The prime minister has unveiled plans for "ambitious" education reforms which include new grammar schools, here's what we know so far.Read the full story ›
Theresa May is to unveil plans for a new wave of grammar schools that will end "selection by house price".Read the full story ›
There is no sense Britain is under pressure to leave the EU quickly, Theresa May's spokeswoman said after the prime minister met with Donald Tusk.
The first meeting between Mrs May and the European Council president since she became prime minister was described as "friendly", with both agreeing they should work together to ensure a "smooth" Brexit process.
Mrs May felt the EU understood her need to take time to form a negotiating stance before triggering Article 50, the formal divorce procedure, her spokeswoman said.
"The main points that the prime minister made were about working together so that there was a smooth process for the UK leaving the European Union, that is why we are taking time to prepare for the negotiations," the spokeswoman told reporters.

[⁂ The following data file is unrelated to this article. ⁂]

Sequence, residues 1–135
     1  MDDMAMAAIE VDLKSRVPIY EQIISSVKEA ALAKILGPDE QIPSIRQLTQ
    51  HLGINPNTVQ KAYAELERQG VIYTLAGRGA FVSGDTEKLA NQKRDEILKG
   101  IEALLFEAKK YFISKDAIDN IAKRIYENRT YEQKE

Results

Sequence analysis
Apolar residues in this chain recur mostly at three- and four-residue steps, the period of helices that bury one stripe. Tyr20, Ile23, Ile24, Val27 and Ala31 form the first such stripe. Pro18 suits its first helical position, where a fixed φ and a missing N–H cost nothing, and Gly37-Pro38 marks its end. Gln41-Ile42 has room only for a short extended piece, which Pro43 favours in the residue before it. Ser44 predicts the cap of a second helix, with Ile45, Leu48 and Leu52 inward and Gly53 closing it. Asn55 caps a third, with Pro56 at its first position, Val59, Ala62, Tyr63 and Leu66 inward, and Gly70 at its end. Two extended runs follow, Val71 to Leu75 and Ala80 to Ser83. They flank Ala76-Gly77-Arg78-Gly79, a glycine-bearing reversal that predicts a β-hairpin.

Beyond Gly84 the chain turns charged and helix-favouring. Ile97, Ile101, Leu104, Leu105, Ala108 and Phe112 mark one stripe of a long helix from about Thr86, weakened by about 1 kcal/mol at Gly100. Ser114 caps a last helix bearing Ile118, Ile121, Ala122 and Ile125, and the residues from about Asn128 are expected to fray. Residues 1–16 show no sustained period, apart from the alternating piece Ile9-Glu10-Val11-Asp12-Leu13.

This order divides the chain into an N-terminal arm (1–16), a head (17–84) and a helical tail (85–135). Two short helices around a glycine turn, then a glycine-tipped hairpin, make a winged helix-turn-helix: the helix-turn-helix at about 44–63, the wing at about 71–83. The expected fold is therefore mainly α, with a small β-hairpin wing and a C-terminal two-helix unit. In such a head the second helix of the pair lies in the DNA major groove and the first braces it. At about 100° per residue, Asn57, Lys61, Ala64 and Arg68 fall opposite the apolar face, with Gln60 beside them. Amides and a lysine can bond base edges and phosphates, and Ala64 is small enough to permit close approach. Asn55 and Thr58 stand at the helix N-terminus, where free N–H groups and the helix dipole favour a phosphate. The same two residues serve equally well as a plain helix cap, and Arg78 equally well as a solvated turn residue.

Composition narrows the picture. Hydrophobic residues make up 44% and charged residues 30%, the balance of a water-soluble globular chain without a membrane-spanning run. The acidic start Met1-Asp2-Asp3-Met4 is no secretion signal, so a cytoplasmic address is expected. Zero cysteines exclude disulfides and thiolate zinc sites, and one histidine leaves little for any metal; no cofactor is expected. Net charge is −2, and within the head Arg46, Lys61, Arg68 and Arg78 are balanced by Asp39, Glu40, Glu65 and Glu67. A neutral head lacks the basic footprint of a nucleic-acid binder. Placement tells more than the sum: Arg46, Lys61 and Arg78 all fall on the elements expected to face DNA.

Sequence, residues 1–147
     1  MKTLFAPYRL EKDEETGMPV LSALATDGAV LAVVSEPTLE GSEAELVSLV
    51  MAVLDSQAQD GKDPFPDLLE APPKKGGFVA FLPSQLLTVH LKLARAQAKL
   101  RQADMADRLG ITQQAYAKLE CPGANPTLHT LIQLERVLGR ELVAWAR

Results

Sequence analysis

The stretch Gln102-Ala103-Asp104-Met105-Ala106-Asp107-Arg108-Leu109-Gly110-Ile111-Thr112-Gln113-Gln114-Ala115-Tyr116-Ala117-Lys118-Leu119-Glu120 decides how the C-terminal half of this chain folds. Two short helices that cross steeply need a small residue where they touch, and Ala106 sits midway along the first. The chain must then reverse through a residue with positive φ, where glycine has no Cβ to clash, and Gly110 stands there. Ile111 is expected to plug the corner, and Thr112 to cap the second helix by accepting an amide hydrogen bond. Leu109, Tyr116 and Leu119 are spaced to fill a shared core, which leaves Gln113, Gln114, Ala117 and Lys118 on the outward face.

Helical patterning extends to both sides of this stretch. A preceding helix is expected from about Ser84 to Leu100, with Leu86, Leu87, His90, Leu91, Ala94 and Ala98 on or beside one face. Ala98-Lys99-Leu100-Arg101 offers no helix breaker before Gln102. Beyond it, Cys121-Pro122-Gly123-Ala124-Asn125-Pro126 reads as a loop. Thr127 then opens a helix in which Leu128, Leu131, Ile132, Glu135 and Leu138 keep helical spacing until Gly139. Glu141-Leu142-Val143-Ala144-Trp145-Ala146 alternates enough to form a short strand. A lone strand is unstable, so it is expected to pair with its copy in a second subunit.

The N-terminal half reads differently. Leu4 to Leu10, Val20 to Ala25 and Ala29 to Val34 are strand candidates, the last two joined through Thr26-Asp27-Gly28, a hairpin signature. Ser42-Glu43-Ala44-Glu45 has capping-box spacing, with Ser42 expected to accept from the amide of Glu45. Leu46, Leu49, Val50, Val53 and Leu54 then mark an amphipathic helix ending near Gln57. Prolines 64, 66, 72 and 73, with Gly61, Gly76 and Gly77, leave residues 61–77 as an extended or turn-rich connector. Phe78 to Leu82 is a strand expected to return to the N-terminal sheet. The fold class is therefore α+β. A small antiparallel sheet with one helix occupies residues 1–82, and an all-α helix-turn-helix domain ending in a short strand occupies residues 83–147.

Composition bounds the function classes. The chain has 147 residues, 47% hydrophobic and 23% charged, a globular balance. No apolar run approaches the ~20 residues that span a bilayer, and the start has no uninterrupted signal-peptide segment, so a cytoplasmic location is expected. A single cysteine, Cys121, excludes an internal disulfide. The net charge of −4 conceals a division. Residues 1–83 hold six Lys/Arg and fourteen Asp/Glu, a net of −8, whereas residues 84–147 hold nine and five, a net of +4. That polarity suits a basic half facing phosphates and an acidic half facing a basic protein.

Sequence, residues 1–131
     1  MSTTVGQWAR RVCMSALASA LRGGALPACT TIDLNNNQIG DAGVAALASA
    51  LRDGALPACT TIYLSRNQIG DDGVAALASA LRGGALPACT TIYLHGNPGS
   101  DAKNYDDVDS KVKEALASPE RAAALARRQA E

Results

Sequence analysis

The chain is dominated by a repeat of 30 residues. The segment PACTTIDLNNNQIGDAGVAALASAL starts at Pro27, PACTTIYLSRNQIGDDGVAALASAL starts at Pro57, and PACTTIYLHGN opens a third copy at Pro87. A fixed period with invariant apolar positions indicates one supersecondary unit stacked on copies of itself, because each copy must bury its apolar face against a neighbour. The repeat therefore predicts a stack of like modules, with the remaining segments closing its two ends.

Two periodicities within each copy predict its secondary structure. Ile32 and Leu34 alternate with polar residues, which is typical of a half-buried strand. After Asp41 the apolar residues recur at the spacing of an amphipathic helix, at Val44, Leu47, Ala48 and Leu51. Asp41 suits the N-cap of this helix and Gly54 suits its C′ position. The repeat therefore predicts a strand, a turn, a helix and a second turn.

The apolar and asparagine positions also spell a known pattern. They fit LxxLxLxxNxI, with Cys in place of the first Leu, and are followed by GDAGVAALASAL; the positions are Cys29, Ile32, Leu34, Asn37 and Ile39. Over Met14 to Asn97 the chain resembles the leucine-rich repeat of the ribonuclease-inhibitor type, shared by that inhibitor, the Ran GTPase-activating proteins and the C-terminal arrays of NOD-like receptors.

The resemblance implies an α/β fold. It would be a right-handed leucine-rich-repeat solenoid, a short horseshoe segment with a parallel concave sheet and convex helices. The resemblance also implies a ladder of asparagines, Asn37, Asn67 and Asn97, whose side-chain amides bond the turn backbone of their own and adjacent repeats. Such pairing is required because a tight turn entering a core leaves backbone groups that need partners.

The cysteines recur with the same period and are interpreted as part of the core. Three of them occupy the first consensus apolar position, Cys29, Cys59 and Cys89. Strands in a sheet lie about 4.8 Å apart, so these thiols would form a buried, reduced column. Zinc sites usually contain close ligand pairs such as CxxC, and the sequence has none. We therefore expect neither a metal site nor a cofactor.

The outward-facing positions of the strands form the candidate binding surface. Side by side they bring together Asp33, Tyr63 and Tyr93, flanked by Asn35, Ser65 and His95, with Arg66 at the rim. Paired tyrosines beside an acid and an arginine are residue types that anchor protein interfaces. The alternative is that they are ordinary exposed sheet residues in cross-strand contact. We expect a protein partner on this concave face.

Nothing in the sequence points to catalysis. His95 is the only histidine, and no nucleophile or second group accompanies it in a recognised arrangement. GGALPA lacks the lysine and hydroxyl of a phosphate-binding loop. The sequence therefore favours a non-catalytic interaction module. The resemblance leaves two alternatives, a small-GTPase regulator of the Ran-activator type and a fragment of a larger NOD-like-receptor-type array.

Mrs May also told Mr Tusk Britain would be a "strong player" while it remained in the EU and would continue to stand firm on sanctions against Russia over its action in neighbouring Ukraine.
European Council president Donald Tusk has urged Theresa May to start the Brexit process "as soon as possible", saying: "the ball is now in your court".
The leaders of the other 27 EU nations will hold talks in Bratislava next week and Mr Tusk said they would "discuss the political consequences of Brexit" for Europe.
But as they met in Downing Street, he told Mrs May: "It doesn't mean that we are going to discuss our future relations with the UK in Bratislava, because for this - and especially for the start of the negotiations - we need the formal notification, I mean triggering Article 50.
"I'm aware that it is not easy but I still hope you will be ready to start the process as soon as possible."
The prime minister said she wanted a "smooth" Brexit process and told Mr Tusk they had "serious issues" to discuss.
Theresa May has laid out plans for a new generation of grammar schools, saying the education system already has "selection by house price".Read the full story ›
The prime minister repeatedly refused to say whether she wants the UK to remain within the European single market.Read the full story ›
Jeremy Corbyn used the session to ask the prime minister about the "housing crisis" in Britain.Read the full story ›
Owen Smith criticised Jeremy Corbyn for putting Theresa May "under no pressure at all" at her first Prime Minister's Questions in July.Read the full story ›